Move your mouse over the image to see our measurements of uncorrected RAW files.
Distortion at the telephoto lenses is usually not a big problem and with the Canon 70-300 mm L too, this remains reasonably controlled. The distortion is slightly barrel-shaped at 70 mm, the near absence of light at 100 mm and barrel-shaped at the top of the focal lengths 125 mm. Moreover, if you still suffer from distortion, it can easily be corrected using software.
An eight-blade circular aperture results in an excellent bokeh, which is ideal for portraits. The background looks nice, especially if you take into account the fact that this f/4-5.6 lens is not very fast.
In the image to the right, you see the bokeh at a focal length of 70 mm. Move your mouse over the image for a larger magnification. The Canon 70-200 mm L IS f/2.8 is a better choice all if you care for beautiful bokeh.
Ghosts and flare
The Canon 70-300 m L lens uses Canon’s Super Spectra coatings to prevent internal reflections and flare. In addition, a lens hood is supplied.
Avoidance of ghosts and flare does not seem to be the strongest point of the Canon 70-300 mm L. During our filed test, we did not encounter flare or ghosting. Nevertheless, these images were taken on a cloudy day, when we did not encounter high contrasts. In the studio, we observed ghosting and flare. In the image to the right, you see such a ghost in the form of a green dagger. Having some flare and ghosting with this lens is not surprising when you consider that this lens contains 19 elements in 14 groups.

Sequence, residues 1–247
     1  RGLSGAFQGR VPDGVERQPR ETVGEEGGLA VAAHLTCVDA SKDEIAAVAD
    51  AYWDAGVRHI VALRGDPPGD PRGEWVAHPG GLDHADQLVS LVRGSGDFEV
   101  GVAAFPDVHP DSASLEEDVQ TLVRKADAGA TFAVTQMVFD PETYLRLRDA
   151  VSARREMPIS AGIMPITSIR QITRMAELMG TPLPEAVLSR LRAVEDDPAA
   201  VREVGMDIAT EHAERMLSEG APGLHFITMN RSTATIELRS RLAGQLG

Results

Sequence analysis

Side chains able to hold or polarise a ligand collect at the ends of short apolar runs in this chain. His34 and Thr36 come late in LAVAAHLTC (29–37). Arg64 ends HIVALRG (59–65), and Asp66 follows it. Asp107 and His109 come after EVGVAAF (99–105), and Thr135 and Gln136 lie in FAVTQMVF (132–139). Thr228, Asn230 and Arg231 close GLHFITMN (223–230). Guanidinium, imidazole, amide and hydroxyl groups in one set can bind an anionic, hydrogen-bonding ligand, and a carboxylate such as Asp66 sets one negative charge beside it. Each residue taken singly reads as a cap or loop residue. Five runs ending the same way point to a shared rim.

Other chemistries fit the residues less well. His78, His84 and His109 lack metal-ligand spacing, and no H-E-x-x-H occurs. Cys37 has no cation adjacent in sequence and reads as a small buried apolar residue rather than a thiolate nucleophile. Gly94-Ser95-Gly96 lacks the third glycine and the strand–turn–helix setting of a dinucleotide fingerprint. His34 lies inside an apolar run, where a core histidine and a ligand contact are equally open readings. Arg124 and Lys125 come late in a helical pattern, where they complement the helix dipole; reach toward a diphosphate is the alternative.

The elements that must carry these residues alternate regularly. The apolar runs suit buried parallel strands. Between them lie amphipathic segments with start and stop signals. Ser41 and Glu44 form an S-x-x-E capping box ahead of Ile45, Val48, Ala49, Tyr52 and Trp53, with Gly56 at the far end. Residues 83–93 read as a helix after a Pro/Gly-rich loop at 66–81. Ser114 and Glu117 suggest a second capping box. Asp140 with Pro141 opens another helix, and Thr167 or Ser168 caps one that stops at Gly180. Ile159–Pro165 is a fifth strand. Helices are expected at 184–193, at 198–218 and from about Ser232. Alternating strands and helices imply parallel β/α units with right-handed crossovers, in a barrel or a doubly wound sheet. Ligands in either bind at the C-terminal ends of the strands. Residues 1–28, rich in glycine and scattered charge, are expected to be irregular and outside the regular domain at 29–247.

The Canon 70-300 mm L in combination with the Canon 650D showed very good performance in terms of resolution over the entire zoom range. Normally, telephoto zoom lenses show lower sharpness at the longest focal length. However, this difference is very small for the Canon 70-300 mm L: it still provides a high resolution. Over the entire zoom range and at all focal lengths, the center resolution (blue bars) is only a little bit higher than the resolution in the corners (red bars). You will not see a difference with the naked eye.
Canon 70-300 vs Canon 70-200 2.8
The Canon 70-300 mm L scores even better for jpg file resolution in our charts than the Canon 70-200 mm f/2.8 does. This difference is mainly caused by the lower resolution of the Canon 70-700 mm in the corners at full aperture (f/2.8). At the lower focal lengths (70 mm -135 mm), the sharpness in the center is higher for the 70-200 f/2.8 than for the Canon 70-300 L. With RAW files, the difference in sharpness between the 70-300 and the 70-200 is smaller, but still the Canon 70-300 mm wins. When you do not need the fast f/2.8 aperture, this Canon 70-300 L lens is a cheaper alternative for the Canon 70-200 f/2.8.
Chromatic aberration in jpg files is low at all focal lengths and apertures. This can partly be explained by the good performance of the Canon 650D in-camera lens correction. However, in a visual assessment of RAW files, we encountered no visible chromatic aberration either. Very good!
Conclusion Canon EF 70-300mm f/4-5.6L IS USM review
- Very high image quality
- Very solid finish
- Highly effective image stabilization
- Beautiful bokeh for f/4-5.6 lens
- High price
- Somewhat susceptible to ghosting
The Canon EF 70-300mm IS USM f/4-5.6L keeps the good name of the L-series in honor and is very good. The Canon 70-300 mm L lens is ideal for professionals and wealthy, advanced amateur photographers. The Canon 70-300 is very well built and protected against dust and splash water. The autofocus is fast and the image stabilization showed an excellent performance in our review. All optical properties vary from good to excellent. If you do not need the fast f/2.8 aperture, the subject of our current Canon 70-300 mm review is a cheaper alternative to the Canon 70-200 f/2.8.